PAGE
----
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Background

Looking to include the current date, time, and timezone within a PDF.

Problem

The datetime package does not provide a macro for the current timezone.

Question

How would you write a macro in LaTeX to create a date such as:

Sun Jan 09 20:17:18 EST 2011

Working

Thus far:

\usepackage{datetime}
\shortdayofweekname{\day}{\month}{\year}
\shortmonthname{} \twodigit{\day} \hhmmsstime{}
EST \number\year

The timezone (EST) eludes me.

Related

Thank you!

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2 Answers 2

up vote 14 down vote accepted

You can get the offset from GMT using the pdfTeX primitive \pdfcreationdate: (no doubt LuaTeX has something similar)

\documentclass{article}
\begin{document}
\def\grabtimezone #1#2#3#4#5#6#7#8#9{\grabtimezoneB}
\def\grabtimezoneB #1#2#3#4#5#6#7{\grabtimezoneC}
\def\grabtimezoneC #1#2'#3'{sign: #1 / hr: #2 / min: #3}
\expandafter \grabtimezone\pdfcreationdate
\end{document}

If you need to convert this into a timezone string, you'll need to define a dictionary of timezones to match up with the time offsets. Since I think this is a many-to-one mapping for many time zones, I'm not sure how that would work.

Once you work out exactly what you need for your application, I suggest writing to the datetime author to add such a feature to that package.

Update. To get a crude lookup table for getting string output for the timezone, you can try something like this:

\makeatletter
\@namedef{timezone+0930}{CST}
\@namedef{timezone+1000}{EST}
\@namedef{timezone+1030}{CST'}% daylight savings
\def\grabtimezone #1#2#3#4#5#6#7#8#9{\grabtimezoneB}
\def\grabtimezoneB #1#2#3#4#5#6#7{\grabtimezoneC}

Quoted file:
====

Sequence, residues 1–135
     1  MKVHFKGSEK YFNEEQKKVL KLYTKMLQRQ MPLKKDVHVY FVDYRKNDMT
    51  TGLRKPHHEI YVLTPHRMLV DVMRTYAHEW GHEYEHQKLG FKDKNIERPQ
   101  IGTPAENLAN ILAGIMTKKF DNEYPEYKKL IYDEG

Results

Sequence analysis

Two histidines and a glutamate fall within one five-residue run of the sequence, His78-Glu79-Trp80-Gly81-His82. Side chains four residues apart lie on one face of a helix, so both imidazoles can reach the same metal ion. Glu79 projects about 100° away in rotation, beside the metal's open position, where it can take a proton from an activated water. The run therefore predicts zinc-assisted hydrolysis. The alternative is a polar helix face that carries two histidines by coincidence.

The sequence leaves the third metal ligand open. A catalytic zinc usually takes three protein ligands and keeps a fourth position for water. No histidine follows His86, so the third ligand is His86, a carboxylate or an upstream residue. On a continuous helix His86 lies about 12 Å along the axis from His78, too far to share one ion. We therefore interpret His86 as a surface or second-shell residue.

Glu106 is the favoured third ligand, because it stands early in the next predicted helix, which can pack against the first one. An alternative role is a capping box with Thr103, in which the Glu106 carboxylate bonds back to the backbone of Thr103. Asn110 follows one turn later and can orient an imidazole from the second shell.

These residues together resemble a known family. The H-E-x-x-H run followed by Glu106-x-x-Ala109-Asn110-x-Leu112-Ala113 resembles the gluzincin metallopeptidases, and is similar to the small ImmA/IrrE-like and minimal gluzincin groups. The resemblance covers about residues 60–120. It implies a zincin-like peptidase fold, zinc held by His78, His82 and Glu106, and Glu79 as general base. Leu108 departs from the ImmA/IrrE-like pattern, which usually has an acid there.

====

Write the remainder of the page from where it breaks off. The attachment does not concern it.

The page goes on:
\def\grabtimezoneC #1#2'#3'{%
  \@ifundefined{timezone#1#2#3}
    {No timezone for `#1#2#3'}
    {\@nameuse{timezone#1#2#3}}%
}
\def\timezone{\expandafter\grabtimezone\pdfcreationdate}
\makeatother

\timezone
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will not work if you are minus UTC time i.e., plus sign needs to be -! –  Yiannis Lazarides Jan 10 '11 at 7:54
    
@Yiannis good point. thanks; I've updated the answer. –  Will Robertson Jan 10 '11 at 8:06
    
excellent solution! –  Yiannis Lazarides Jan 10 '11 at 8:10

There is now the filemod package which can return the file modification date of any file (which can be found by TeX). It is based on the \pdffilemoddate macro. It works with pdf(La)TeX and Lua(La)TeX, but not with Xe(La)TeX.

If you want the time when the main file was last changed use \jobname as filename in the macros below. If you really want the compile time you can use the macros with a trick:

\edef\pdfilemoddate#1{\pdfcreationdate}

and then keep the {<filename>} argument empty.


You can print, i.e. typeset the date, time and timezone using

\filemodprint{<filename>}

Only the date or time+timezone are printed with

\filemodprintdate{<filename>}
\filemodprinttime{<filename>}

They use the \thefilemoddate and \thefilemodtime to format the result. These macro get {<YYYY>}{<MM>}{<DD>} or {<HH>}{<mm>}{<SS>}{<TZ>} as arguments, respectively. You can redefine these to print the date or time in a custom format. There is also \thefilemod for \filemodprint which gets all seven arguments and by default calls the other two macros.

You can also create your own macro with seven arguments and use:

\filemodparse{\mymacro}{<filename>}

Then the timezone would be #7.

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